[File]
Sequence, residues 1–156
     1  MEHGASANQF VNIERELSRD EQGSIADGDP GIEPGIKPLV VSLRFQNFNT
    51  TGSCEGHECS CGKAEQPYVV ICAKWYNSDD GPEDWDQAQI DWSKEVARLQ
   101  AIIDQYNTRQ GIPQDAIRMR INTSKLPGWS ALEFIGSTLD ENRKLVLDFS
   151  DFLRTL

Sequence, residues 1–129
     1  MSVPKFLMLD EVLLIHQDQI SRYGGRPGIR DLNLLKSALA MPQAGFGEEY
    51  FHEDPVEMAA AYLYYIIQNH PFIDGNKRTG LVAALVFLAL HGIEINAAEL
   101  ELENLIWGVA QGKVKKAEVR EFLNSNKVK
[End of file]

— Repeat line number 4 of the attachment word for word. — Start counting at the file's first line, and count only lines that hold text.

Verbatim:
   101  AIIDQYNTRQ GIPQDAIRMR INTSKLPGWS ALEFIGSTLD ENRKLVLDFS